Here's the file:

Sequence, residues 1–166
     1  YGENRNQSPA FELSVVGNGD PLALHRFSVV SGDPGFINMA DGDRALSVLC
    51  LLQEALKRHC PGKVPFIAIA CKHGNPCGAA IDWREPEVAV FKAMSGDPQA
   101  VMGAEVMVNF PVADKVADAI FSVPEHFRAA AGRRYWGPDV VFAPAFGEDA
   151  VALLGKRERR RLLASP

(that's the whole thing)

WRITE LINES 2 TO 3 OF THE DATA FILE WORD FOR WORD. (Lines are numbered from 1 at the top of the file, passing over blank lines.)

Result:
     1  YGENRNQSPA FELSVVGNGD PLALHRFSVV SGDPGFINMA DGDRALSVLC
    51  LLQEALKRHC PGKVPFIAIA CKHGNPCGAA IDWREPEVAV FKAMSGDPQA